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Re: Tattoo

There is no standard royalty.  The patent prohibits vegetative propagation and it is up to the patent holder to decide when, how, and if the plant can be propagated.  One reason the patent holder may object even if you agree to pay is that the right to propagate may have been given to one grower exclusively.   I doubt that most patent holders would want to bother making agreements for the propagation of 25 plants.


"Lesch, Norman A." wrote:


Joe, Chick and any others that care about plant patents,

I have heard from other growers that they will not carry patented plants because they can't propagate them to sell. But, if you propagate them, can you just send a royalty to the patent holder and sell them? That way you don't have to sell the plant as a single plant as you received it. If in 5 years you take the original H. 'Tattoo' you bought and split it into 20 single divisions, couldn't you just send 20 x "$X" to Tony Avent and avoid being prosecuted? Does anyone know what the royalty, $X, is for each plant sold? I can't imagine that Tony would object to receiving checks in the mail. I can see why growers might shy away from this as it is more paperwork and less money in their pocket. I wonder if one could buy a "blanket" royalty where you pay, say $100 to the patent holder and then the grower can naturally propagate as many as they like. Once these plants are sold, the propagation is protected by the patent once again.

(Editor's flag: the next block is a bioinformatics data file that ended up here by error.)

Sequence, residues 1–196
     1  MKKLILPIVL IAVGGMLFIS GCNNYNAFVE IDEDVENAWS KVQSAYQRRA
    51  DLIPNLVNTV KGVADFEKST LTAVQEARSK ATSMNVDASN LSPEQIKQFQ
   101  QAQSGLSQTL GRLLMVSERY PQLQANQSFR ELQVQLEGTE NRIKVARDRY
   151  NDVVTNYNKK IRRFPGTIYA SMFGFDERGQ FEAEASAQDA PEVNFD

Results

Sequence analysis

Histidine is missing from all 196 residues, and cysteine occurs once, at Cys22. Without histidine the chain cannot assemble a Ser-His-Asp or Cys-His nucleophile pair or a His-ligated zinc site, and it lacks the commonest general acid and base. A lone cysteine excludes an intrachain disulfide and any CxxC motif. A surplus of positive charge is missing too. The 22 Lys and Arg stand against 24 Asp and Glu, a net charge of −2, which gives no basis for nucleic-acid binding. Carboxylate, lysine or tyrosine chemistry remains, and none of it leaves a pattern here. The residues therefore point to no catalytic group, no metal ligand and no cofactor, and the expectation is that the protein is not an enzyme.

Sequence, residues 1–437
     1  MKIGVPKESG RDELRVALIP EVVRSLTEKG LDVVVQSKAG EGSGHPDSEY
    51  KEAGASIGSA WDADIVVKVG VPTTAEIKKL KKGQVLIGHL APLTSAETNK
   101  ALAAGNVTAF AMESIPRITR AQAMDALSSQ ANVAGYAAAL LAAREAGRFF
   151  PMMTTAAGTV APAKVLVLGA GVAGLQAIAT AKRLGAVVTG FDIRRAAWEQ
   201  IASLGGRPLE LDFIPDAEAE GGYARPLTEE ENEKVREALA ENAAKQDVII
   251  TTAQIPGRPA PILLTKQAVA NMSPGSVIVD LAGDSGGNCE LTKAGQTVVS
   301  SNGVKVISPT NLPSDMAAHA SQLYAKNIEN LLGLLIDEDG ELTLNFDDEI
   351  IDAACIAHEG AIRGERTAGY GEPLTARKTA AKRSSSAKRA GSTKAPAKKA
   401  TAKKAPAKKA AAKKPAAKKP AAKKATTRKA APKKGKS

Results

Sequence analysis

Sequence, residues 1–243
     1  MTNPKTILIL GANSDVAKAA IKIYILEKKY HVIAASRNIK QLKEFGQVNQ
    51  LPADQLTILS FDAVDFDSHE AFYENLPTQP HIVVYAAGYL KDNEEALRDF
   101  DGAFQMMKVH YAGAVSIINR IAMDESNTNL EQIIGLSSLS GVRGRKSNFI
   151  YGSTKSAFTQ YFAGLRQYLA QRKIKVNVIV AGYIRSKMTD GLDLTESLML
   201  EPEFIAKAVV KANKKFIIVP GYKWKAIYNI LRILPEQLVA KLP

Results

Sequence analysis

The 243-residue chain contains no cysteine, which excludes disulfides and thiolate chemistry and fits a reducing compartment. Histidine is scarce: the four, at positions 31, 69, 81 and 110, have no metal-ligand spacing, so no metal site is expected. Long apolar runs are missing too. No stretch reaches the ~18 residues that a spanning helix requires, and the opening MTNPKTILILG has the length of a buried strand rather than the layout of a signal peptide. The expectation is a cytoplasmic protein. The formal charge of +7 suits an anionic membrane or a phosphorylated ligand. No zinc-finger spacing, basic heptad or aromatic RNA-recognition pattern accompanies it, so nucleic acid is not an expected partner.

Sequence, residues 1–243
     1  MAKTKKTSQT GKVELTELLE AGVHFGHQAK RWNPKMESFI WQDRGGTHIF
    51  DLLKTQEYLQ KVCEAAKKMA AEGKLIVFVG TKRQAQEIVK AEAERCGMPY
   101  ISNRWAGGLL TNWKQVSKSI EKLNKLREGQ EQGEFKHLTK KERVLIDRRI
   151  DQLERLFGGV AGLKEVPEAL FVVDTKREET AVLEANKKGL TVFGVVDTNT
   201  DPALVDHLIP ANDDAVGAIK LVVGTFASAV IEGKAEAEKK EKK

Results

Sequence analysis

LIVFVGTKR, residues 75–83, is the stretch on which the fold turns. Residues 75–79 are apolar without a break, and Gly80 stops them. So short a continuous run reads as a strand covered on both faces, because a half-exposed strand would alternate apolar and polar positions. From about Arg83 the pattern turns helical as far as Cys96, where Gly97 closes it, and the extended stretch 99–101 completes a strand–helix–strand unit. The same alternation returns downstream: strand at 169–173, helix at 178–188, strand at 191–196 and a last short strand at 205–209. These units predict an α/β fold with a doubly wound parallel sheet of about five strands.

Just some rambling thoughts....


Norm Lesch
Manchester, MD

      -----Original Message-----
      From:   halinar@open.org [mailto:halinar@open.org]
      Sent:   Thursday, September 23, 1999 11:57 AM
      To:     hosta-open@mallorn.com
      Subject:        Re: Tattoo


      >Strange as it may seem, there are many growers who honor a patent
      >simply because it is the right thing to do.

      That is true.  But then a lot of people don't rob banks because it is
      the right thing to do.  However, with a hosta or anything else that
      may be patented, the person growing/propagating the plant has to know
      it is patented.  If you buy a hosta at a local nursery it may not have
      a tag that says it is patented.  Also, many plants are patented with a
      different name, or even just a number, then what they are sold under,
      so it can be difficult to look at granted patents and know a
      particular plant is actually patented. Thus, it is easy for someone to
      not know a plant is patented.  As a patent holder you have to make
      sure that the plants that do get sold by either you or licensed
      growers are clearly stated as being patented.  Since most hostas are
      not patented, its easy to assume that any hosta in your yard is also
      not patented.  My main commerical crop is daylilies and few daylilies
      are patented.  However, I do respect patents and just will not grow
      any patented daylilies.

      Joe Halinar

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